The 10 Greatest Hollywood Props Of All Time

With not a sniff of a James Bond gadget, here are some of the best props to make it onto celluloid.
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With not a sniff of a James Bond gadget, here are some of the best props to make it onto celluloid.


I gave myself two rules when approaching this subject first to ignore big rugby b***ards like Jason Leonard and secondly NO JAMES BOND.  Yes Bond has fancy gadgets but we all know he did and me banging on about Odd Job’s bowler hat or Scaramanga’s fancy golden gun is not very interesting. Now I have given myself loads of pressure to actually be interesting, here goes.

Superman’s Specs – Superman (1978) – Richard Donner

Call me cynical but them specs are not fooling anyone. Clark Kent has the same face, the same shape, the same hair as Superman and seeing as Lois has been shagging him she’s not very observant for a reporter. Poor show if you ask me. At least Marvel comics were a bit more subtle, if you ran into someone whose first and last name started with the same letter then you’d better expect some fireworks.

Butch Coolidge’s Watch – Pulp Fiction (1994) – Quentin Tarantino

This vintage gold watch or “this uncomfortable piece of metal” was integral to the whole plot.  It lived an interesting life through several generations of Butch’s family then up Capt. Koons’ a** in Korea and because of it’s importance he goes back to collect it after the betting sting.  Had he not, he would not have killed Vincent Vega or run Marsellus Wallace over.

No-one criticised Steve McQueen too much when he was forever fiddling with s**t to draw the eye on every shot.

Brad Pit and Food – in Oceans Eleven (2001) – Steven Soderburgh

The cynic might say that he needs a good prop to detract from his lack of acting ability but I’d be more generous than that. He works well with what he’s got and no-one criticised Steve McQueen too much when he was forever fiddling with s**t to draw the eye on every shot. Well apart from Yul Brynner I suppose but who cares, McQueen was cool, Brynner was not. Watch Pitt’s Rusty Ryan and he’s forever munching on something. The official line is that Pitt thought his character would never have time to eat a meal therefore ate on the hoof all the time.  There is also a gag at the end where he get’s heartburn and wangs the food away, which is a nice touch.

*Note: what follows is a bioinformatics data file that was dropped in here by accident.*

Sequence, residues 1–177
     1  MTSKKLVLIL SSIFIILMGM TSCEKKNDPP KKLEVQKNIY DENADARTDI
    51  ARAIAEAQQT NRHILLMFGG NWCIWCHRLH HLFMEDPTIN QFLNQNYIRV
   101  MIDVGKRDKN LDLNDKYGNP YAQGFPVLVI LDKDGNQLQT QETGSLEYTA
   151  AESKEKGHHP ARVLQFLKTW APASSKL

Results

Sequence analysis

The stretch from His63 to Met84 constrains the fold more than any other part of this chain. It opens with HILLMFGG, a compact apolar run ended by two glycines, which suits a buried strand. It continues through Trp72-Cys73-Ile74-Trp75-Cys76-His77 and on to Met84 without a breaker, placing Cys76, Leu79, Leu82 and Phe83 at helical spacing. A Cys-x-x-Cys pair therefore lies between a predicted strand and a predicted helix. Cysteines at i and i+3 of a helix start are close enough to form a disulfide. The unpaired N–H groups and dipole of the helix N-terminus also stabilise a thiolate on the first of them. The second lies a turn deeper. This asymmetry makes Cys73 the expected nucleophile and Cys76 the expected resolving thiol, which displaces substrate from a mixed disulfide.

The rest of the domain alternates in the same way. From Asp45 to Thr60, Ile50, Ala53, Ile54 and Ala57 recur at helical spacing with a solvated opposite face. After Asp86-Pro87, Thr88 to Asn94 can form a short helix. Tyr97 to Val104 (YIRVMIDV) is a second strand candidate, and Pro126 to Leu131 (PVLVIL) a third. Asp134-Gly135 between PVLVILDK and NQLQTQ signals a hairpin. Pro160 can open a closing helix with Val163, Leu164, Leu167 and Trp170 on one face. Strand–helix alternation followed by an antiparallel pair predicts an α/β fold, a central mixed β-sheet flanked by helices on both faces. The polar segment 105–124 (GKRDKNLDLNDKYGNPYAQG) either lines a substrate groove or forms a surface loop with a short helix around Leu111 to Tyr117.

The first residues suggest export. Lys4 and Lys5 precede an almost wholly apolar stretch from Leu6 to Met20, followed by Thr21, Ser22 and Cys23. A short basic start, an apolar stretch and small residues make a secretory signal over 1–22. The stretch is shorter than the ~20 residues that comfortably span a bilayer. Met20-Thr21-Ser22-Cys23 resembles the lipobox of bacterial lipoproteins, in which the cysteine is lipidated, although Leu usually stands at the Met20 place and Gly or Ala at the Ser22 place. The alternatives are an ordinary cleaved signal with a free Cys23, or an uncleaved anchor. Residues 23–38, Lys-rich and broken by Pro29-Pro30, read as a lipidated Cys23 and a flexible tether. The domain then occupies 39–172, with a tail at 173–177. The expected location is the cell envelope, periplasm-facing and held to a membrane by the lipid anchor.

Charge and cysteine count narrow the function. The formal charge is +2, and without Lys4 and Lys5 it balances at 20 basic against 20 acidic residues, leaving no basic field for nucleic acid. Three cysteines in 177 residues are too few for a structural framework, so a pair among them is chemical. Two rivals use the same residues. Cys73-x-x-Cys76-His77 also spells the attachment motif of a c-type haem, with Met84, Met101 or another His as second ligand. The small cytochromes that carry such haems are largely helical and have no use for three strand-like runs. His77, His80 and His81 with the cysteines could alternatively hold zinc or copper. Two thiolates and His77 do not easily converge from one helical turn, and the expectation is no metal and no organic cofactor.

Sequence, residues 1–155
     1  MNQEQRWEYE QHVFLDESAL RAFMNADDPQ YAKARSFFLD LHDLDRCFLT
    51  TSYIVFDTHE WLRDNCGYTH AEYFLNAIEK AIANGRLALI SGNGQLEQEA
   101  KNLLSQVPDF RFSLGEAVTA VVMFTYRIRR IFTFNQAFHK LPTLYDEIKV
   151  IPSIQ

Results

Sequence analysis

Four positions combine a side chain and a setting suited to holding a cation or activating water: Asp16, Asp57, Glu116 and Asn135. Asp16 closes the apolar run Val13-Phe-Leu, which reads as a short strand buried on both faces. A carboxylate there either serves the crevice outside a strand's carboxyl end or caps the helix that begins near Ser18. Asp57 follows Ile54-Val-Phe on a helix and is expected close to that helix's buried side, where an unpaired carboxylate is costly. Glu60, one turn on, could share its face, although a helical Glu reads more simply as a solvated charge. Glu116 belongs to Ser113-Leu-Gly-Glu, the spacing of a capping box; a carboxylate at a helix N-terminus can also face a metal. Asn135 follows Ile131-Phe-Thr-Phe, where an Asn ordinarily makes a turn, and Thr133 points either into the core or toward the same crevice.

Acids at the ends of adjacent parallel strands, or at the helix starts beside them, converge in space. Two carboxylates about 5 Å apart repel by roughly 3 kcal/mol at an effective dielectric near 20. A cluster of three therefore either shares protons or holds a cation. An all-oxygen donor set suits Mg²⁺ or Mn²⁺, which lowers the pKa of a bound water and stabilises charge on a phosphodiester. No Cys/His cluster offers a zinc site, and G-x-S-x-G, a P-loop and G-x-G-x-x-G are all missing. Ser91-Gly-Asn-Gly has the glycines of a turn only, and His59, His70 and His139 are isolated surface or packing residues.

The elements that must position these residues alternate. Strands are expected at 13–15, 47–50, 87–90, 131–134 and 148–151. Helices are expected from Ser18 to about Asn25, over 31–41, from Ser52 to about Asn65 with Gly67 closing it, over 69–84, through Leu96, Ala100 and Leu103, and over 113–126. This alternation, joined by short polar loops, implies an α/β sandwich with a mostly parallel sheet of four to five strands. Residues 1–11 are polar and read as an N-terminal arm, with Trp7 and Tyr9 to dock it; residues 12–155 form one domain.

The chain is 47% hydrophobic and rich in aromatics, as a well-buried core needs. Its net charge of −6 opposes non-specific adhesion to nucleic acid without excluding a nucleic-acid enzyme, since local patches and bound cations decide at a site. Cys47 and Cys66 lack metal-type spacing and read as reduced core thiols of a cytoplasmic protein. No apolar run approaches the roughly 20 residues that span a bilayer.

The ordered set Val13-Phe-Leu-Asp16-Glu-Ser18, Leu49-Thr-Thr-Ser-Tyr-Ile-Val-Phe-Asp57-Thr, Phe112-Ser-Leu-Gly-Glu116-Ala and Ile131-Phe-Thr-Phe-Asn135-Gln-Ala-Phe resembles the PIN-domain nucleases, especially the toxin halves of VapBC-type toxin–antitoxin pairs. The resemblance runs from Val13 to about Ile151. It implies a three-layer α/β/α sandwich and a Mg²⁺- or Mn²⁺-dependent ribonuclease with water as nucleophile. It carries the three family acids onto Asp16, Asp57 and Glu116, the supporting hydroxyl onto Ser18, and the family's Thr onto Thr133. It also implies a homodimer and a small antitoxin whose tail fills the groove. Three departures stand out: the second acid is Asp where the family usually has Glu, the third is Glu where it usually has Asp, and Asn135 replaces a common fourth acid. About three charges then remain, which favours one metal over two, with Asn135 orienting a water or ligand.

Floating Oriental Café –The Fifth Element (1997) – Luc Besson

If I lived in a flat like Corbin Dallas, which I don’t and if floating dim sum and noodle bars existed then I would be a lot fatter than I am now. I always thought that this was a nod to Blade Runner where Deckard eats similar fare in the bowels of the city.  It’s a nice touch for foodies and in a film full of stylish touches it still stands out.  The film’s plot though unfortunately sags a bit and has Chris Tucker in it.  Oh dear.

Herbie – Herbie goes to Monte Carlo (1977) – Vincent McEveety

I wonder how many Beetles these films sold for VW?  S**tloads I imagine. Variants were popular with the surfing set in the 60’s and 70’s but Beetles were cheaper and became vogue.  I had one, it was truly horrible.  Slow, cold, thirsty and going downhill in snow made the Cresta Run feel like taking a maiden aunt for a stroll in the park.

In one sentence “this is a knoife”, we cheer as the bad guy s**t’s himself at Mick’s fearlessness.

Crocodile Dundee’s Knife – Crocodile Dundee (1986) – Peter Faiman

Show me someone who does not love the scene where the mugger pulls the flick knife on Mick Dundee and gets with the “call that a knife” speech and I will show you someone with no spirit.  In one sentence “this is a knoife”, we cheer as the bad guy s**t’s himself at Mick’s fearlessness and laugh as he cuts up the awful Michael Jackson style leather jacket.

Elmira Gulch’s pushbike in Wizard of Oz (1939) – Victor Fleming

I only include this because growing up (and beyond) any kid who had bike with any hint of sh**ness would get calls of “Dorothy!!” in a high pitched Miss Gulch voice. Kids eh?

Bob Falfa’s ’55 Chevy in American Graffiti (1973) – George Lucas

Such a beautiful car and a great film. Harrison Ford’s Falfa was an early Han Solo type.  The film is heavy on style and the car, skull hanging from the rear view mirror and the big cowboy hat is an iconic image.

Child’s Ball in The Changeling (1980) – Peter Medak

This film is as scary as chuff. Bereaved composer George C. Scott moved to a large old New England house for some peace and quiet but starts to hear noises. A small colourful ball keeps rolling into view in the hallway as he tries to work so both spooked and annoyed he drives to a bridges and flings it into the river.  As he returns it’s getting dark and as he enters the hallway the ball comes bouncing down the stairs.  I always sh** my breeks at this point and scamper upstairs to hide under the duvet.

Max’s Wolf Costume in Where the Wild Things Are (2009) – Spike Jonze

This is a beautiful film, it really makes you think about your responsibilities and what you promise your kids.  Last time I watched it the Beatle’s song “Don’t let me down” came to mind and I welled up a bit. Anyhoo the outfit Max wears get progressively more filthy and matted as the film progresses.  It looks comfy as owt though and I think I want one for knocking about the house.  If anyone knows where I can get one in Fat Yorkshireman sizes let me know.

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